I suspect that this is going to be rather short, but I think it will supply some useful information of interest. The question would seem to have a relatively simple answer, however there is some contention with regard to the use of terms here, and it is this which will be discussed in the following. I am going to be horribly biased with regard to this and focus on the use of the single sword in this discussion.
A ward is a position from which an attack or defense is launched. I think this is the best definition of what a ward is that I can find. A more in-depth definition of this would also include that this is a position which the combatant moves through from one action to another. What this means is that a set of actions might look like this: Ward - attack - ward - defense - ward - attack, and so forth. What is important is this is not a "guard".
A guard is a position in which one line is closed, thus the fencer is defended along that line due to being in that position, not requiring movement. The guard "Invitation to Sixte" protects the high outside line due to its position. If an attack is launched at the fencer along the high outside line the fencer does not have to move in order to defend himself. This is a guard, a ward does not do this in most instances.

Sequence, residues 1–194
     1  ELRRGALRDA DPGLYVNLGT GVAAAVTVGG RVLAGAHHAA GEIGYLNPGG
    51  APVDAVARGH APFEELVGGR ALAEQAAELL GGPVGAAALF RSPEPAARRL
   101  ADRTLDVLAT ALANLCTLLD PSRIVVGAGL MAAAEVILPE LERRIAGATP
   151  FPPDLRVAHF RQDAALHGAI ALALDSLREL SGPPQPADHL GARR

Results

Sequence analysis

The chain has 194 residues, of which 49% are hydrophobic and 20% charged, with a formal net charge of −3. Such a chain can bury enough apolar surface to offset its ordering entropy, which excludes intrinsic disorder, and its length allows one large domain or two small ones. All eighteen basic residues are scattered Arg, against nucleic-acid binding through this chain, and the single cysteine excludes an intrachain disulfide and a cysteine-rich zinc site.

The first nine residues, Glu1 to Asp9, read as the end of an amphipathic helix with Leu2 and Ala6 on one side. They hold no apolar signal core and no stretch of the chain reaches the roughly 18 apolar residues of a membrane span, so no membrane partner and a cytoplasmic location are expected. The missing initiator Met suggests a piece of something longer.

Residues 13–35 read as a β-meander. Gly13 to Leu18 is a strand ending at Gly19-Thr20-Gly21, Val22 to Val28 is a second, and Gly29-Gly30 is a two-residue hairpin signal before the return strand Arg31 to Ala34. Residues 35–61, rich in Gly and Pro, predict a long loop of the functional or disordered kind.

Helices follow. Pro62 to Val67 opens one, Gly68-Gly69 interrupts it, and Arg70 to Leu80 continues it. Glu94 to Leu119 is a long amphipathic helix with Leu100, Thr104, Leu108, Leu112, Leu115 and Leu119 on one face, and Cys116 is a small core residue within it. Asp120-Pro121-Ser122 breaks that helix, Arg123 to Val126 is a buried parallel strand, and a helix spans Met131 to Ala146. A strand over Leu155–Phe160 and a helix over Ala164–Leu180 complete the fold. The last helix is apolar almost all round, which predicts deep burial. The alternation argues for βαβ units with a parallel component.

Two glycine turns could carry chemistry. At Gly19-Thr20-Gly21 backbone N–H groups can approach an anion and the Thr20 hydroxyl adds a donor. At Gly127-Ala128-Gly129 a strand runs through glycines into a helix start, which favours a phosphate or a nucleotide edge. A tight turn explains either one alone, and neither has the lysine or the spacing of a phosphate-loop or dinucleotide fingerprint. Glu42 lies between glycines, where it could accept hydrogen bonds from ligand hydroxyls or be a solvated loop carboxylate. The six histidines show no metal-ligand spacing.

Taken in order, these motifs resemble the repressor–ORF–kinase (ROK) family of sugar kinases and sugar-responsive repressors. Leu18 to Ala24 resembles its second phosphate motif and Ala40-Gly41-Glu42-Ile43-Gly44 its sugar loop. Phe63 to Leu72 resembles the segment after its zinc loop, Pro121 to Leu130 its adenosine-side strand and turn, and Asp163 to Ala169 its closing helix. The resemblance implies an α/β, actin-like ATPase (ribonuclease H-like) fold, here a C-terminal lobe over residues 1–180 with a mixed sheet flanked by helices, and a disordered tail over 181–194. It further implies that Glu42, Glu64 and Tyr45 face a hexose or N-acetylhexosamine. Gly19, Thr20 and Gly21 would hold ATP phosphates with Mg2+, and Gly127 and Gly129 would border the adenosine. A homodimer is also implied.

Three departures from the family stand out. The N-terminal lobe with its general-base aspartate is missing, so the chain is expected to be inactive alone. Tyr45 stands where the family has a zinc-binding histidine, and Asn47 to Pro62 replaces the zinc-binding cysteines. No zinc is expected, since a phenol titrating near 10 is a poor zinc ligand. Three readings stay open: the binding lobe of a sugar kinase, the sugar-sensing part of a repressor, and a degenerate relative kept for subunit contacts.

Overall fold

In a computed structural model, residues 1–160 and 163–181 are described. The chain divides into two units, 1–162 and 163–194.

The Low Ward, or Terza, is the favourite ward of many of the fencing masters and theorists due to its simple application in offense and defense. From this position it is convenient to parry to defend any line and also make attacks along any line that the combatant may want to. However an attack must be defended, and it must be defended by some action made by the combatant. This is not a guard, it is a ward. The defense must be made it is not already set by the position adopted.
While many may use the terms "ward" and "guard" together in order to describe the same thing, or even the same position, they are not the same. There is a clear difference as to what a true ward is and what a true guard is, and they are not the same. The swordsman should realise which he has adopted when he is facing his opponent, this can make a large difference. In a true guard he is defended along a single line due to his position. In a true ward it is a position from which an attack or defense is launched.